When retaining a young, creative workforce, Farley says urban amenities are key
What’s the future for Rust Belt cities? Claire Ballentine of Bloomberg News looks at revitalization projects attempting to answer this question in her April 8, 2019, piece titled “Rust Belt Turns to Munis to Breathe Life Into Old Factories,” talking to Professor Ren Farley for perspective.
The high rates of poverty and abandonment of Rust Belt cities such as Fort Wayne, Indiana, have been climbing as a highly skilled, young workforce sprints to coastal tech meccas. Leaving the once-shining factory towns struggling to figure out how to retain and rebuild, the solution for many is in revitalization, converting old manufacturing plants into attractive apartments, offices, and retail centers. Using local-government bonds, such projects hope to reverse the trend of population loss. Fort Wayne has already invested $440 million into the development dubbed Electric Works. Farley agrees attracting these workers is key, saying that “it’s young college graduates who have got some creative skills or advance training in AI or computer science.”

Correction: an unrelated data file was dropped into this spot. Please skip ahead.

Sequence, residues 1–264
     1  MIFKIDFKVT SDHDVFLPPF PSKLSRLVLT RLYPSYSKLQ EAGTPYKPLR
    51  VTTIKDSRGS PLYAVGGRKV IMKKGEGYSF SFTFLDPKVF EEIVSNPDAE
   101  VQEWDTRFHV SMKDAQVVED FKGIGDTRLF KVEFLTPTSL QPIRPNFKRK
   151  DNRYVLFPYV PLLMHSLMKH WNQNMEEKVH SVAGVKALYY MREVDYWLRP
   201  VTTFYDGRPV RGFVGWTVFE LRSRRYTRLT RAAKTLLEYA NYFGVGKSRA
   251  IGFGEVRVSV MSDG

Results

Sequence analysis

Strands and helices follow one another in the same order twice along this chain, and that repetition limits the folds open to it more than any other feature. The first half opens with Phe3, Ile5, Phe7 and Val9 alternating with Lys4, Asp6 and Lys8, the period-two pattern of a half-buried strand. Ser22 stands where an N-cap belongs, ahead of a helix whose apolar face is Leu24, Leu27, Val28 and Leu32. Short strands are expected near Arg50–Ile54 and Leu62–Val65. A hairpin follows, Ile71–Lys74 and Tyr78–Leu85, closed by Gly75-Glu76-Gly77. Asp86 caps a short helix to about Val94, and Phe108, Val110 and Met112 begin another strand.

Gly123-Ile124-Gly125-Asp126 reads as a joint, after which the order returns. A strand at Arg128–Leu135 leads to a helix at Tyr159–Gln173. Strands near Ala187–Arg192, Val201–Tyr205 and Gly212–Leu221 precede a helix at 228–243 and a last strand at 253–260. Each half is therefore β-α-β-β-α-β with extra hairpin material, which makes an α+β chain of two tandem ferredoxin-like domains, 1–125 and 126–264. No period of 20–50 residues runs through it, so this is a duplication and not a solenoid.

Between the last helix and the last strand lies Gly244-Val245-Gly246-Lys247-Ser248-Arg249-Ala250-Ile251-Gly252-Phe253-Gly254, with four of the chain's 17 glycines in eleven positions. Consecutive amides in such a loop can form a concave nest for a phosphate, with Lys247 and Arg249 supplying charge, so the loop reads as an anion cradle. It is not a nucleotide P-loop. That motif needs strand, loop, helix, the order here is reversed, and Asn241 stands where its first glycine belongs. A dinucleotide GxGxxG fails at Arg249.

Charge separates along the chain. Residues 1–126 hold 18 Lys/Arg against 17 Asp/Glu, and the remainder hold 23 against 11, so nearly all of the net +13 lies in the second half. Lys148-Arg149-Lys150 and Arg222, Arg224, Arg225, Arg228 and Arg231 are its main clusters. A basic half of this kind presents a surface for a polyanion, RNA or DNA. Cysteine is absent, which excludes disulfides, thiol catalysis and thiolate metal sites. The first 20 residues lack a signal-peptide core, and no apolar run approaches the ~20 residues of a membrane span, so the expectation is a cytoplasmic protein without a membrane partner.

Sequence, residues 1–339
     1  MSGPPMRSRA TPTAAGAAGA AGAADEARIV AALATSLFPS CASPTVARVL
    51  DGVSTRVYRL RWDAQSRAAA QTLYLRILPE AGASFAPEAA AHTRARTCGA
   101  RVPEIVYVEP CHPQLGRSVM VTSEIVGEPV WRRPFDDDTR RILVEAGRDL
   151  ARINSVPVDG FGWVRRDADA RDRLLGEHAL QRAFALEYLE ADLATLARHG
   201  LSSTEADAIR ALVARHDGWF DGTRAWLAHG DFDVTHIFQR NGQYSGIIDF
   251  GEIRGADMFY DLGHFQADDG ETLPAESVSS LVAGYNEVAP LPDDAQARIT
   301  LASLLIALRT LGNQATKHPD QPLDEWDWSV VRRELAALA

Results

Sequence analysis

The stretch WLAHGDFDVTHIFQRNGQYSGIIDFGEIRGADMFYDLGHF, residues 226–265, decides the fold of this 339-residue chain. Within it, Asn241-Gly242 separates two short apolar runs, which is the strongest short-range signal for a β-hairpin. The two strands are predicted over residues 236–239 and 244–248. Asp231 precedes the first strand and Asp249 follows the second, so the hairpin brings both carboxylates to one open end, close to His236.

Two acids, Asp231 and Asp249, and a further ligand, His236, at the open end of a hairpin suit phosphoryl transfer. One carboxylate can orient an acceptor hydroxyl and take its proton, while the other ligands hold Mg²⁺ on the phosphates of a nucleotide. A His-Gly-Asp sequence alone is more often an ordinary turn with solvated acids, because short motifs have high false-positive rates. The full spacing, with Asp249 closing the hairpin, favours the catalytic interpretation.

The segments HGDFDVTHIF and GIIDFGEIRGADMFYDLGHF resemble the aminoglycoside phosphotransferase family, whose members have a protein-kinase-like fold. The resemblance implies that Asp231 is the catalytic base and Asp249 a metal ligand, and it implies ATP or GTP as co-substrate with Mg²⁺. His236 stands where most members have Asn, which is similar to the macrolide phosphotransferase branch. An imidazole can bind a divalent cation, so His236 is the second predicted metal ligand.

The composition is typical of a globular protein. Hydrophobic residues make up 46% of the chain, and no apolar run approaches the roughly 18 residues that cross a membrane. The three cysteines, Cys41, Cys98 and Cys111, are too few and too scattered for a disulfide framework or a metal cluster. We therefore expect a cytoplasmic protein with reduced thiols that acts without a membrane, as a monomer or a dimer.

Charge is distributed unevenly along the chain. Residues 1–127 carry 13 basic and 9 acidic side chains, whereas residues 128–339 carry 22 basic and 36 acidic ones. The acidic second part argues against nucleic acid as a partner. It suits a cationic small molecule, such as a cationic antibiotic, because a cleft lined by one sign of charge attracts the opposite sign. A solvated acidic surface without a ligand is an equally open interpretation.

This young, trained force has stereotypically sought out tech bubbles, but as the cost of such coastal cities becomes more and more prohibitive, these formerly booming middle America towns see this as an opportunity for regrowth. “Many of these people are looking for an urban lifestyle, and it’s too expensive to move to San Francisco, Seattle,” Farley adds. What’s left is to see whether or not such investments pay off.
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Reynolds Farley is the Dudley Duncan Professor Emeritus of Sociology and a research scientist at the Population Studies Center. His current work focuses upon the revitalization of Rust Belt metropolises. He maintains a website describing the history and future of Detroit (www.Detroit1701.org).